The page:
Yoho is not the only member of the Florida delegation focused on North Korea in recent days. U.S. Rep. Lois Frankel, D-Fla., was part of a congressional delegation which toured American military stations in Asia last week, including the demilitarized zone dividing North and South Korea. Frankel and the other representatives met with Japanese Prime Minister Shinzo Abe, South Korean Minister Yun Byung-se and military experts. 

On Monday, Frankel weighed in on the situation in Asia, calling for continued support of Japan and South Korea. 

“A strong unwavering relationship between the U.S. and its allies Japan and South Korea is necessary for the national and economic security of all three countries,” Frankel said. “Japan and South Korea are two of America's greatest trading partners and home to important U.S. military bases. A North Korea that has the capability to use a nuclear weapon that can reach an American city or those of an ally poses a grave challenge as the U.S. seeks to preserve peace and stability in the region.

“In this regard, the United States, in consultation with Japan and South Korea, must explore all reasonable economic, diplomatic and defensive actions such as cyber that would prevent North Korea from developing such a capability,” Frankel added. “This includes further engagement with and economic pressure on China, which North Korea depends upon for 90 percent of its trade. A military strike is an untenable option that would most likely result in a devastating conventional military attack by North Korea on Seoul, South Korea, a megacity with a population of over 25 million including tens of thousands of U.S. military personnel.”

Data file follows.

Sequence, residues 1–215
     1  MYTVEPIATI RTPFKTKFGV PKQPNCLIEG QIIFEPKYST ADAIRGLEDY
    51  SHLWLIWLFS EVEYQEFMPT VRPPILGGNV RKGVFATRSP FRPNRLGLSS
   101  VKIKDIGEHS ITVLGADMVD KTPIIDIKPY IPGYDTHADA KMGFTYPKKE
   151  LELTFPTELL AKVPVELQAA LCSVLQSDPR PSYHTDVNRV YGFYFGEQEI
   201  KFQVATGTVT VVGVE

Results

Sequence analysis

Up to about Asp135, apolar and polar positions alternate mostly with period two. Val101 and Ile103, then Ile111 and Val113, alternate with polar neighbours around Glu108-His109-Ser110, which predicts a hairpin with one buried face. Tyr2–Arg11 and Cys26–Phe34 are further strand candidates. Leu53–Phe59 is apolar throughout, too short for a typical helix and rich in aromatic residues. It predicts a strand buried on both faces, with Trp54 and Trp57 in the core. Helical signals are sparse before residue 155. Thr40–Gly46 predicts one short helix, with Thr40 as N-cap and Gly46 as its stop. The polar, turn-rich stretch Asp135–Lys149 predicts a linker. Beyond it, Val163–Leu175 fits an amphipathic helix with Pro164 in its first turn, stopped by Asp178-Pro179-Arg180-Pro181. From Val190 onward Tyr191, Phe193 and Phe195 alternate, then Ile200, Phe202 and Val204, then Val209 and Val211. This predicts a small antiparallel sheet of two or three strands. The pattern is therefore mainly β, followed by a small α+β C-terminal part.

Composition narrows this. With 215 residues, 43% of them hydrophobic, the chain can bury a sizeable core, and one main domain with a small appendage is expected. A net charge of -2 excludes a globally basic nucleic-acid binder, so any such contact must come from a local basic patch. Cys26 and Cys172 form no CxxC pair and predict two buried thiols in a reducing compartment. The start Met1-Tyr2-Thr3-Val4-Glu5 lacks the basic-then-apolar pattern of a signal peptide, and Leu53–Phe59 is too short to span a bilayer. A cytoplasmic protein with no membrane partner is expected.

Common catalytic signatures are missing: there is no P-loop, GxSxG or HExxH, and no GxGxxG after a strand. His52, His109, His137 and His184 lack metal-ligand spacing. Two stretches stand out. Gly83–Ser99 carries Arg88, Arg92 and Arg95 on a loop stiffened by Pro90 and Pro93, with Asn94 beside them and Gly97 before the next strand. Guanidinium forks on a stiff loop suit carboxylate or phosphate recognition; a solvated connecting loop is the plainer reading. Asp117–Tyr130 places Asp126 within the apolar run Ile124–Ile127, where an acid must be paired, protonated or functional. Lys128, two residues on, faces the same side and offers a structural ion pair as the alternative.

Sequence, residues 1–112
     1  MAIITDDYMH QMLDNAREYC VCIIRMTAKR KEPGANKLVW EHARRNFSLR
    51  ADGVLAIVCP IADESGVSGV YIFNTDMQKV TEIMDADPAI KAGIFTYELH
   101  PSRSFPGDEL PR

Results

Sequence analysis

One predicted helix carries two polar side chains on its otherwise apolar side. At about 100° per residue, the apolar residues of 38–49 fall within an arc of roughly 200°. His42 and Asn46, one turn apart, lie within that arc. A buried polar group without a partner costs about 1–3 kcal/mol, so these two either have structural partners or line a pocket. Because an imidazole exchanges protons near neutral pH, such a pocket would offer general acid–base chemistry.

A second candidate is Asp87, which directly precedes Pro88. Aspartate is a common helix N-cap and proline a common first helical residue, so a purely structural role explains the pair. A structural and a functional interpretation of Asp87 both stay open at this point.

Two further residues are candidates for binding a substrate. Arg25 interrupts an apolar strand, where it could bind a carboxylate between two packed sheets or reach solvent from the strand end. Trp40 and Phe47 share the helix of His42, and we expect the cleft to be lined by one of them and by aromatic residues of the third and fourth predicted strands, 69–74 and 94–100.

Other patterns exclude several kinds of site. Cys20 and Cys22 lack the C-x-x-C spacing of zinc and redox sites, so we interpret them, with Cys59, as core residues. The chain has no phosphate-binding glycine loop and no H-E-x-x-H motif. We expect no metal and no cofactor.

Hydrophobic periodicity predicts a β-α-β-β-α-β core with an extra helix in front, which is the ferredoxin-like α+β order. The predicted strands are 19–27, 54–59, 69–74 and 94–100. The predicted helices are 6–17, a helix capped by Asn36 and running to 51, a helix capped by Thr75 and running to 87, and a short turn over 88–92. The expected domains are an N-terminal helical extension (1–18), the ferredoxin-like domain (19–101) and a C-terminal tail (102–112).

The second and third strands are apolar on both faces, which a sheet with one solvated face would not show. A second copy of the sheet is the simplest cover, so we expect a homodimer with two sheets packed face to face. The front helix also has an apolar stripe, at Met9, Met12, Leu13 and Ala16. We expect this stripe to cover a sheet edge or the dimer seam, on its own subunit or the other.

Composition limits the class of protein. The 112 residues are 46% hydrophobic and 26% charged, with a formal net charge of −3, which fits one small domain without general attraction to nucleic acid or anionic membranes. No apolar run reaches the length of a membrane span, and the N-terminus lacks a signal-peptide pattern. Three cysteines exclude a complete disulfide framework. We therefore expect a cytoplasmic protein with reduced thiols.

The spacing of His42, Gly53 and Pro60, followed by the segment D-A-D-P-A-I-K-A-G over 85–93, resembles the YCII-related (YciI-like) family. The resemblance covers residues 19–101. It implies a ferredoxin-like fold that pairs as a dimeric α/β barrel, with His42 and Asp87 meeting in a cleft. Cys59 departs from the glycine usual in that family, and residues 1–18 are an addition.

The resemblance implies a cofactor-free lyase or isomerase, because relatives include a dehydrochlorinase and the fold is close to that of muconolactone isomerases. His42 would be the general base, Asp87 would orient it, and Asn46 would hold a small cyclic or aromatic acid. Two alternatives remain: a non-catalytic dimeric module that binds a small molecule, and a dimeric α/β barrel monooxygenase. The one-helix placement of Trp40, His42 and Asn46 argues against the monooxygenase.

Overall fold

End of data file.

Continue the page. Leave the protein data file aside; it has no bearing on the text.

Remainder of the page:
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IF...IF another War would occur, the "Number of Troops" will only aid the Victor to clean-up AFTER the war. I see the next war as FULLY nuclear, and will depend on Technology rather than volume of people. I believe that America holds that technologic holds. I will continue to believe this --- as long as it is neither TESTED or PROVEN!

Kim is not capable of being hurt in the wallet simply because he doesn't care about his people. As long as HE lacks for nothing himself, it doesn't matter how much his people suffer. The thing to do with that FAT-SQUAT-BRAT is tie it her get rudolf him or get rid of his weapons. Getting rid of him should've easier and neater.

Lynn - I meant China and her 200 million man military - lots more then what we have. Like Robert Warner stated, these foolish knee jerking and dangerous. All for what - so his minions can brag about how tough this country is. Bet half of them have not even served in the military and won't let their kids go fight either.